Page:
To start with, the current generation of existing social networks are narrowly focused on particular groups. Teenagers tend to gather on MySpace. Business professionals use sites like Ryze and LinkedIn. Writers tend to like LiveJournal. Each of these groups is attracted to a system that caters to its preferred modes of social interaction, and as a result the look-and-feel of these networks are quite different.
In addition in existing networks, there is inevitably an element that refuses to follow (or is oblivious to) the social contract that has been set in place. This gives rise to problems with such disruptive users as spammers, trolls, stalkers, and serial complainers.
To tackle the first of these issues, look and feel can be easily separated from the basic functioning of the social network software, so that one can provide one system that is almost everything to almost everybody. Each participating member would see a different user interface depending on which group they interact with. There need not even be any overt indication that such social networks as (for example) www.ravers.com and www.christianconservatives.com are hosted on the same network and handled by the same software.
In effect, there would be a network of networks; each networked group free to build its own culture in its own online space. The interconnected nature of these networks would only become apparent when someone joined multiple groups and found that their one account let them switch seamlessly between their different groups.
To aid in this seamless interoperation, the software would allow a user to carefully partition what information was public and which was private to particular individuals, groups, and the network as a whole. A businessman might simultaneously be a member of groups customized for marketing directors, golf enthusiasts and homosexuals, but might well wish to present themselves very differently to these three groups. They might (for example) have a staid business profile for the first group, a flashy and deliberately tacky profile for the second, and a completely anonymous one for the third.
Once such a basic network-of-networks with its security and privacy models are defined, there is a huge range of additional features that can be provided on top of them. Just a few among these are:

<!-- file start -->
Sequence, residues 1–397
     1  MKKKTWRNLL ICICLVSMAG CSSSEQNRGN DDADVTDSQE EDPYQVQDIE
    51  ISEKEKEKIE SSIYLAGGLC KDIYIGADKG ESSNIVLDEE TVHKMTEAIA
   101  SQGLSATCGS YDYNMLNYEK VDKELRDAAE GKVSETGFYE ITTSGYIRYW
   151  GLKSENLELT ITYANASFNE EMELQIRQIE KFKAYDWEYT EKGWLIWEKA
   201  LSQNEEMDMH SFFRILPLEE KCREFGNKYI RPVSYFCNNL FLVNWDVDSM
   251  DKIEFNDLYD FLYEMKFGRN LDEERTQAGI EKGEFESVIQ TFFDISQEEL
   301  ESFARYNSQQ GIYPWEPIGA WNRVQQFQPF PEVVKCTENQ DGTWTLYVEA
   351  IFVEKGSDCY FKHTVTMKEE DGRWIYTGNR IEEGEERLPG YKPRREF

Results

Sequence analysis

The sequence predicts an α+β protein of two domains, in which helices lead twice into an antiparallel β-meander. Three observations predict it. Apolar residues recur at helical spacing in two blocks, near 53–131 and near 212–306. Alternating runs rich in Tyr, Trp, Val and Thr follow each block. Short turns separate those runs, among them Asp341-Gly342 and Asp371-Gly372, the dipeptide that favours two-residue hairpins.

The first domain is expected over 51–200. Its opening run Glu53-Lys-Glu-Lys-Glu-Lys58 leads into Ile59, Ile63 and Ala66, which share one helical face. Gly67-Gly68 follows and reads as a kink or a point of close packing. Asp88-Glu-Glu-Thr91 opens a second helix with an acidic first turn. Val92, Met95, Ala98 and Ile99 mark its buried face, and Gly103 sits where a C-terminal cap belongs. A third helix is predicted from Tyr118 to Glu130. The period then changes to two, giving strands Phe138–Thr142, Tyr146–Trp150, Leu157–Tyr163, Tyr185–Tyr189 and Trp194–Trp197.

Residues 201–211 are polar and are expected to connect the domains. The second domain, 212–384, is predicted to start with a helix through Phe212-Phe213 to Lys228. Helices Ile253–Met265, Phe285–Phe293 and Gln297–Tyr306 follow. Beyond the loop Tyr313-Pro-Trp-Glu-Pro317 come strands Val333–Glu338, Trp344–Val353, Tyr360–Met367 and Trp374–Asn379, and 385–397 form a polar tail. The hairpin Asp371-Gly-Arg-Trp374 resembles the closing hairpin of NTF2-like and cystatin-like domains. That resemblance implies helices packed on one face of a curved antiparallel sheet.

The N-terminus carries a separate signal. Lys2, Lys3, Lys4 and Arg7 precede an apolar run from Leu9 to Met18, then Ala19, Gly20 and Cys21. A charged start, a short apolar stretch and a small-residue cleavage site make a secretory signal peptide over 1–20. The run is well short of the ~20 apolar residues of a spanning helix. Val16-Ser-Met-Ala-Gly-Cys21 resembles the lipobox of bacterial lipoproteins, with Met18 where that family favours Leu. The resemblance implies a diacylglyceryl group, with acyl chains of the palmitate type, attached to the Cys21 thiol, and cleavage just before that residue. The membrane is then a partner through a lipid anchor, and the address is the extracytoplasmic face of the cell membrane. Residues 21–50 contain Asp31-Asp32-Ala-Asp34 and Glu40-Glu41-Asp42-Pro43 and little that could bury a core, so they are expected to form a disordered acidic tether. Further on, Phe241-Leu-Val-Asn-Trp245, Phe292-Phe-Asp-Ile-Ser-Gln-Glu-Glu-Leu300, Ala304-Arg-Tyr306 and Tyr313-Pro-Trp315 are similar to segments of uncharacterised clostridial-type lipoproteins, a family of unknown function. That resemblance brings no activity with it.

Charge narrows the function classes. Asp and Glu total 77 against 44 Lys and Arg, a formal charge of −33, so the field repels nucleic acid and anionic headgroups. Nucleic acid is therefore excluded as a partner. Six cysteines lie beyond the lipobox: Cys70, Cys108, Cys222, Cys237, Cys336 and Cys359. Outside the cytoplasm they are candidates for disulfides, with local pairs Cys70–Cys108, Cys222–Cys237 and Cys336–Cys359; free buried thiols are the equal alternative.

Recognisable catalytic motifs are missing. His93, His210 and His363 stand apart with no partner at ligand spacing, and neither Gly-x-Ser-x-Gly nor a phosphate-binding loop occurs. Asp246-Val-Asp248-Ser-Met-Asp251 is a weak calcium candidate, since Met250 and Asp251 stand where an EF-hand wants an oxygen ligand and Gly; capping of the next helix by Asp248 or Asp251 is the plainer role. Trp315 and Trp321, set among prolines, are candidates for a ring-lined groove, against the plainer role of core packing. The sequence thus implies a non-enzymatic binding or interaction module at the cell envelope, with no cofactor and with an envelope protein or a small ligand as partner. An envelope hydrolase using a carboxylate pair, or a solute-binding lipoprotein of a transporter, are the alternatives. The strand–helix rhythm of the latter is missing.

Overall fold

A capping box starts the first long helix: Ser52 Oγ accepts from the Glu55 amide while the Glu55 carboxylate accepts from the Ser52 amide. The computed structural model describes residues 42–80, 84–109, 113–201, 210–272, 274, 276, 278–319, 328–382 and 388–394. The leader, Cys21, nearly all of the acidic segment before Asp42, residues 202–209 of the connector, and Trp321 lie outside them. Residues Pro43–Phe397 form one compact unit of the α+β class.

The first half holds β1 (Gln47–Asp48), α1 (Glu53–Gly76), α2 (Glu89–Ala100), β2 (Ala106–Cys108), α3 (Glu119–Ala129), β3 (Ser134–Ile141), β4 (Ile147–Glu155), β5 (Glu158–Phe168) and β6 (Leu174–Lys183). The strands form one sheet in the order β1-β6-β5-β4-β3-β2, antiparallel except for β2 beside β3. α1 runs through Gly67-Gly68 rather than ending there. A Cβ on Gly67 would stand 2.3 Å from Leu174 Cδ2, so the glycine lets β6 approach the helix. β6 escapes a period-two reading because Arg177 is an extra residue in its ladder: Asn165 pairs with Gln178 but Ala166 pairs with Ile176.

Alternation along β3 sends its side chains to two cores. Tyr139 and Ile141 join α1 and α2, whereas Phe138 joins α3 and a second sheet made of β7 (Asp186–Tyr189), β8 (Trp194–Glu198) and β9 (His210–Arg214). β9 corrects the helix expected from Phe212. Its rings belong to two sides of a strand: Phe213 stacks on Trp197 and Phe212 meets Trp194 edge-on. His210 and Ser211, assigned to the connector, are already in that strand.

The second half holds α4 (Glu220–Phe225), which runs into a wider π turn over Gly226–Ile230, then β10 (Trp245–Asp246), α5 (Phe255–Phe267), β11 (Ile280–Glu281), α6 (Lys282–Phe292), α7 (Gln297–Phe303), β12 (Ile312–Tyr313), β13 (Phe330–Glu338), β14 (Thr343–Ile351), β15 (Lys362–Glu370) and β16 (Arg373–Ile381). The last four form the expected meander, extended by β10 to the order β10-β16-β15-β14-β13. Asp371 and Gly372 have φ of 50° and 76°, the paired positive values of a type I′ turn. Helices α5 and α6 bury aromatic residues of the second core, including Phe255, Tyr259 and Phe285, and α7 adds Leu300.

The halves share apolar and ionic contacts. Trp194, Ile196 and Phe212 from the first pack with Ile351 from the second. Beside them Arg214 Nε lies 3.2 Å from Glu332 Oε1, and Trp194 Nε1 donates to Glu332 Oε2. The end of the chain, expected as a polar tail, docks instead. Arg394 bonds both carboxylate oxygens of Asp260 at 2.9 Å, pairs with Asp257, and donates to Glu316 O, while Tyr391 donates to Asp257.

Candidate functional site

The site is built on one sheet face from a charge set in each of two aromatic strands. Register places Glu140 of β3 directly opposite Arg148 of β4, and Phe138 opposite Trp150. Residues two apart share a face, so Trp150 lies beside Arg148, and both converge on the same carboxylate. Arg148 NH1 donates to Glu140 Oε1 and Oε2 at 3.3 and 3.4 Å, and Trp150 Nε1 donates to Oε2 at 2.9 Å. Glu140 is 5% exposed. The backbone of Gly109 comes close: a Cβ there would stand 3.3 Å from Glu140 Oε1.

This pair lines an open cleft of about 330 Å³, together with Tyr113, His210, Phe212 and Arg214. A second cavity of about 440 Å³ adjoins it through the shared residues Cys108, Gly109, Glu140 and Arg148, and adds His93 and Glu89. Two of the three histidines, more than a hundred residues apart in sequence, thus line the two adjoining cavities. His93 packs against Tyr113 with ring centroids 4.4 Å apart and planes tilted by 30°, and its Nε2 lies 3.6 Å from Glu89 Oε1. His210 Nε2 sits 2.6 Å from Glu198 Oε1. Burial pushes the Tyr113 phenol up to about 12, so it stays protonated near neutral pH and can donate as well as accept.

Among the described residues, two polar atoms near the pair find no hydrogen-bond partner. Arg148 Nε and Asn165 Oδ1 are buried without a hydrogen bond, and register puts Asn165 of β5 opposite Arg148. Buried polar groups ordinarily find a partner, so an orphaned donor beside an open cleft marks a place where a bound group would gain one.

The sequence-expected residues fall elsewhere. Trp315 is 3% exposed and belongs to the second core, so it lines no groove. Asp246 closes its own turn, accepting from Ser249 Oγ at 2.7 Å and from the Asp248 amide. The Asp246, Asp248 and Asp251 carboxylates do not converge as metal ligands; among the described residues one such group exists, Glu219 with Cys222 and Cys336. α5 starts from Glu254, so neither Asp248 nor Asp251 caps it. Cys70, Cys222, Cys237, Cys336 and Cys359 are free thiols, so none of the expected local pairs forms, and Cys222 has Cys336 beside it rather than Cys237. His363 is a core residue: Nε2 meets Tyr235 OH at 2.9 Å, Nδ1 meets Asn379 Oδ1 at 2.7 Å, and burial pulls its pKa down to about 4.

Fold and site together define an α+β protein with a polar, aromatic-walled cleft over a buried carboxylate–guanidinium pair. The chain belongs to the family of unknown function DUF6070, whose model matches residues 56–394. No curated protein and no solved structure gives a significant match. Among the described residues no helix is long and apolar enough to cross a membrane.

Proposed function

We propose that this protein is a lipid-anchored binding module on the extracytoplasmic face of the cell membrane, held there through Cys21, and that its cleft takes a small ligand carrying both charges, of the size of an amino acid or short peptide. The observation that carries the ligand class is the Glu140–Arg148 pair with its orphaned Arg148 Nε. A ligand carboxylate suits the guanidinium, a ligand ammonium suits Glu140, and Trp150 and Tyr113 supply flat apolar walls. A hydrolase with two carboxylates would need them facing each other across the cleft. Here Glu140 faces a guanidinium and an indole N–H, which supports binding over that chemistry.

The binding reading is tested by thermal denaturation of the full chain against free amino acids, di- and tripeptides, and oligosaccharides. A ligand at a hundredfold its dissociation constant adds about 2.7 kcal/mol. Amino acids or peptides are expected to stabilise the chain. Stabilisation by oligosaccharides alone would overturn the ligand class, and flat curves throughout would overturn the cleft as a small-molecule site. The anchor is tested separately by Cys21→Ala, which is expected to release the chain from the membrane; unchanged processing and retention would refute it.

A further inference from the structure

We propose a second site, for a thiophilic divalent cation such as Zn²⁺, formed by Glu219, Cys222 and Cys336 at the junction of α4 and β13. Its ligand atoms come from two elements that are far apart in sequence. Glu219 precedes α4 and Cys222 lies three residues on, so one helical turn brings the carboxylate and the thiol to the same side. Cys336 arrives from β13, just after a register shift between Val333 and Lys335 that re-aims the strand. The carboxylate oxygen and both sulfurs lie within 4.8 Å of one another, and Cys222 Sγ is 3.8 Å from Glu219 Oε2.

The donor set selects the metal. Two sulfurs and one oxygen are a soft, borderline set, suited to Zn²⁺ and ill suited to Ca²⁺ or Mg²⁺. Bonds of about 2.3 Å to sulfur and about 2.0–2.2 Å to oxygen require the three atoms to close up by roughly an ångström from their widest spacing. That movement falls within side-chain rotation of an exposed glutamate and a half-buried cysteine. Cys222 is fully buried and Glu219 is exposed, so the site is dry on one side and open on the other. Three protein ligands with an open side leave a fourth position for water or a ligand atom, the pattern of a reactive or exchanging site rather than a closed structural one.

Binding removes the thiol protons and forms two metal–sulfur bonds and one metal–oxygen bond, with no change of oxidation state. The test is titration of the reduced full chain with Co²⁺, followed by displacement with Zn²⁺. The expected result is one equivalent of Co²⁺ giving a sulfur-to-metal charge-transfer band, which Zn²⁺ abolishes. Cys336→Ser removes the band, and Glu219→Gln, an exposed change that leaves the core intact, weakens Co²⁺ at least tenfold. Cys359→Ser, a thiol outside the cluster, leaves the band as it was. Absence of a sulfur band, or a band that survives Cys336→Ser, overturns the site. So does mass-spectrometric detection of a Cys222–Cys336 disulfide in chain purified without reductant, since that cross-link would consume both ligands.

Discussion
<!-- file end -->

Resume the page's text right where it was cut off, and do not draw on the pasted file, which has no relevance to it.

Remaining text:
- Fllavoured Contacts. Most social networks allow one to have links to 'friends', but this would be too general a connection for a truly universal social network. We would allow links to be distinguished by the relationship they implied. One could have 'friend' links, 'business contact' links, 'sports buddy' links and so on as the user desired. They could also associate an intensity so as to indicate how much of a friend someone was, how sexy they appeared, or how trustworthy they were as a business partner, and so on. These could be kept private or aggregated to provide ranking predictions for new contacts (which could, in turn, be used to inform an automated introduction service).
- Reputation systems and ranking. As much of how people interact socially is governed by considerations of status and social ranking, the system could explicitly keep track of each user and provide Google-like page ranks relative to each of their various interest groups. By careful consideration of how these ranks are calculated, the system could be made largely self-policing by automatically discouraging disruptive or destructive behaviour.
- 'Private' interests. In some cases it might be desired to hide particular interests in a profile from everyone who does not have that same interest in their own profiles.
- Full multimedia support. Current social interaction sites are moving to support the hosting of images, but I think it should go much further. The system should support the hosting of all kinds of digital content, including photos, videos, sound, and software. Where appropriate it should allow one to easily post a 'clip' from the middle of a sound or video file on one's account.
- Full Internet interactivity. As an aid to gaining widespread adoption, the system should cater to a wide variety of different Internet protocols and interaction types, including SMS messages, voice messages, web cams, email gateways, RSS gateways, Usenet gateways, news services, and even other competing social networks. The more inclusive the system, the lower the barrier to migrating from existing systems that people may already be members of.
I could probably go on for page after page detailing the features that should exist in a good online social network, and that are missing in all current offerings, but this should give a good idea of what features the next generation should provide.